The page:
Brussels-headquartered Air Belgium yesterday sent half of its Airbus A340 fleet into long-term storage in southern France. Air Belgium decided that, due to the COVID-19 pandemic and a decline in passenger numbers, that the two A340s were superfluous to its current needs.
The 12.5-year-old Air Belgium A340-300 registration number OO-ABD took off from Air Belgium’s hub at Brussels South Charleroi Airport (CRL) headed for Tarbes-Lourdes-Pyrénées Airport (LDE) in southern France yesterday. According to the Belgium aviation website Aviation24.be, the aircraft will be joined by sister aircraft OO-ABE and that the two planes would remain in France over the winter.
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The planes are not needed
When asked why the planes were being parked for the winter, a spokesperson for Air Belgium said,
“Given the reduced demand and current operational restrictions due to COVID-19, we have logically decided to differ maintenance and checks and temporarily park and store two aircraft for the winter.”
Tarbes-Lourdes-Pyrénées Airport is home to Tarbes Advanced Recycling & Maintenance Aircraft Company (TARMAC), a specialist in the long-term storage and recycling of aircraft. TARMAC also operates out of Teruel Airport (TEV) in Spain, where they can store up to 400 planes.
On TARMAC’s website, it says they offer the following services:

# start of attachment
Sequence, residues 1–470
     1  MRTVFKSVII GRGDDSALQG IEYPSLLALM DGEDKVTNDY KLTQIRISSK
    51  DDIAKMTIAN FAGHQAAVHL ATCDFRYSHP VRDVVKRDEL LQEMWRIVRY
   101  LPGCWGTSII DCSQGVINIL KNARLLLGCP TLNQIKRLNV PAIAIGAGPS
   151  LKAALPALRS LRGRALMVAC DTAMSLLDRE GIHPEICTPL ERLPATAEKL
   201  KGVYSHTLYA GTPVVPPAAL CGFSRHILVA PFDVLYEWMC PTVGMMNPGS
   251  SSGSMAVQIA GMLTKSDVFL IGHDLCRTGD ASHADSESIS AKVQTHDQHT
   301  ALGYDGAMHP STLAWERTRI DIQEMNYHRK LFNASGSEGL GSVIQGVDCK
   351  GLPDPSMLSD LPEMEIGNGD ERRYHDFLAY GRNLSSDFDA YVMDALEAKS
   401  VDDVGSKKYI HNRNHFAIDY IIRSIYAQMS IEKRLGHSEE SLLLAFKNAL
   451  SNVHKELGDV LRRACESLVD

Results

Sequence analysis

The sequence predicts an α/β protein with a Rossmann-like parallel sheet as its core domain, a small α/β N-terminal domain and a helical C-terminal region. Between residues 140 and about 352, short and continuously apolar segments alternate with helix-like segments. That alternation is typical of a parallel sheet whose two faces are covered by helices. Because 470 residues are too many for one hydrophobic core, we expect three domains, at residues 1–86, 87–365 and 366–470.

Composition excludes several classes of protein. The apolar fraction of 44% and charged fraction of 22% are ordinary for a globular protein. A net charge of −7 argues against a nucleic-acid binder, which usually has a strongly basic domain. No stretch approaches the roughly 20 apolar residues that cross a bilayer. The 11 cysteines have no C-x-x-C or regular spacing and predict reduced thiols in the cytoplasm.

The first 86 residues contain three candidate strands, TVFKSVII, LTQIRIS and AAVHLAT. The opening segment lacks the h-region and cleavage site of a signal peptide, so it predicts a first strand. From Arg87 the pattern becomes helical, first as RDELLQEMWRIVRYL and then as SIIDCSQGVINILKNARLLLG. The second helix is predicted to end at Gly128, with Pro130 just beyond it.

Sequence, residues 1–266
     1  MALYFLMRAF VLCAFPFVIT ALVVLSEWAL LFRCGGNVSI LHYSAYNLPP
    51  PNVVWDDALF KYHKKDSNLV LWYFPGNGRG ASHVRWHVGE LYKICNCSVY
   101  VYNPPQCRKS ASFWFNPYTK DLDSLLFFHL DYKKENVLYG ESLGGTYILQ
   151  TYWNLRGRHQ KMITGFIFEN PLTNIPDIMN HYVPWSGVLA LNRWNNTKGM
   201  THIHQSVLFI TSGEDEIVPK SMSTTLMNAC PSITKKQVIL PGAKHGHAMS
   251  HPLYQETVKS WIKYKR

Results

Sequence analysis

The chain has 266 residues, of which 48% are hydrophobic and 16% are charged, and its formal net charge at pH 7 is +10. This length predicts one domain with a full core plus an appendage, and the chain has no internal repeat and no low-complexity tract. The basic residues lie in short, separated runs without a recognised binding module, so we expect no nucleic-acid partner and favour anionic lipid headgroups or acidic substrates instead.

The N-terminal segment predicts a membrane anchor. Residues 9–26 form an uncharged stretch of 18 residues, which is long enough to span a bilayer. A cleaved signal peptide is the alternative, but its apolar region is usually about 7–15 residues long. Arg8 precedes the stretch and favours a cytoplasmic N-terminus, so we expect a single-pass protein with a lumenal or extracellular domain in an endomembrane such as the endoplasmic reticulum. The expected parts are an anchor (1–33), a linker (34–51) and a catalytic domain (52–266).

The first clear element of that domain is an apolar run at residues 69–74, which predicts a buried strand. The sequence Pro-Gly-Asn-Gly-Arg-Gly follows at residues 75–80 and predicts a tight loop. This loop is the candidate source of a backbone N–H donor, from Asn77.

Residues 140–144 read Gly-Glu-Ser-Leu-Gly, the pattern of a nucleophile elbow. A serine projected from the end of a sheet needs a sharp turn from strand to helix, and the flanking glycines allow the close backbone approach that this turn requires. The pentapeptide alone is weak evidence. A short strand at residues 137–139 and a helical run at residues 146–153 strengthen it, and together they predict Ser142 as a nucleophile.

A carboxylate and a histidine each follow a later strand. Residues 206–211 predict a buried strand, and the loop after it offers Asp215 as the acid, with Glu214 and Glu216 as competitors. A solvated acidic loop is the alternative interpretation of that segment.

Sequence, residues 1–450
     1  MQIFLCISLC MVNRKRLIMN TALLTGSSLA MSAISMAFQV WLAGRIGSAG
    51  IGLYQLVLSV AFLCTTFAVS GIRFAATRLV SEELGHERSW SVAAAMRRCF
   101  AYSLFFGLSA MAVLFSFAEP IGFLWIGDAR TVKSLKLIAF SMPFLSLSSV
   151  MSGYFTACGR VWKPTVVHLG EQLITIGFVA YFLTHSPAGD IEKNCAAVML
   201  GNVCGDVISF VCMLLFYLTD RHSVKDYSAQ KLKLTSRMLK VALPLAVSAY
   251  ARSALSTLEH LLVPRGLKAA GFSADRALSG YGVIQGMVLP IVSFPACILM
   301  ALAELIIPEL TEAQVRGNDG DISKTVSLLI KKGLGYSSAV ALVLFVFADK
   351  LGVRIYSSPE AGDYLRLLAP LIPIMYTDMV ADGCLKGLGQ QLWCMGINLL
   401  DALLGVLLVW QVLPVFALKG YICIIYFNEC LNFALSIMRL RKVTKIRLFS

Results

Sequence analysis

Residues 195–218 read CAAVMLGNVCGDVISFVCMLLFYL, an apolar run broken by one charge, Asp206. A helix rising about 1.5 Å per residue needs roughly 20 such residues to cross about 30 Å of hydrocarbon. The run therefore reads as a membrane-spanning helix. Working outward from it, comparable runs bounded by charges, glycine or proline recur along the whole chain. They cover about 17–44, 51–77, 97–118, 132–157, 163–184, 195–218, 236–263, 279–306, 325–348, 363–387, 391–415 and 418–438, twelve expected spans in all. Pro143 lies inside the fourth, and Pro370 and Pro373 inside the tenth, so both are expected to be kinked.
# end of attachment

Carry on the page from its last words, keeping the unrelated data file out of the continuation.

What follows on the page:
- The biggest aircraft storage capacity in Europe
- Aircraft & Engine maintenance provider (MRO) dedicated to your needs
- The world most innovative company in Aircraft & Engine recycling
Surinam Airways wet-leases from Air Belgium
The two remaining Airbus A340 aircraft OO-ABE and OO-ABB, are currently wet-leased by Surinam Airways on flights between Paramaribo and Amsterdam. Surinam Airways acquired a Boeing 777-200ER from Singapore Airlines last December to put on the Paramaribo to Amsterdam route but overlooked ETOPS certification problems. Four-engine aircraft like the Airbus A340 is certified to fly the 4,700-mile route, but twin-engine planes like the Boeing triple seven are not.
Paramaribo to Amsterdam is directly over the Atlantic Ocean, a long way from a diversion point. This means that the triple seven would have to hug the United States and Greenland until ETOPS is given, adding around three hours to the flight time.
The two Air Belgium Airbus A340s are also wet-leased by shipping companies to transport workers between Bergen, Norway, Cape Town, South Africa, and other destinations.
Air Belgium has canceled Caribbean flights
Air Belgium had planned to resume scheduled flights over the winter to the French-speaking Caribbean nations of Guadeloupe and Martinique. These plans and the launch of a new route to Mauritius have all been put on hold due to COVID-19. All four of Air Belgium’s Airbus A340s are leased from Airbus Finance and have an average age of 12.9 years.
Since Air Belgium came into existence in 2016, it has not had much luck operating as a regular airline but has, like in the case of Surinam Airways, been successful in using its planes for other airlines. Perhaps and especially now given current conditions wet-lease and cargo operations could be the way forward.
What do you think about Air Belgium’s decision to fly two A340s to Tarbes-Lourdes-Pyrénées Airport for storage? Please let us know what you think in the comments.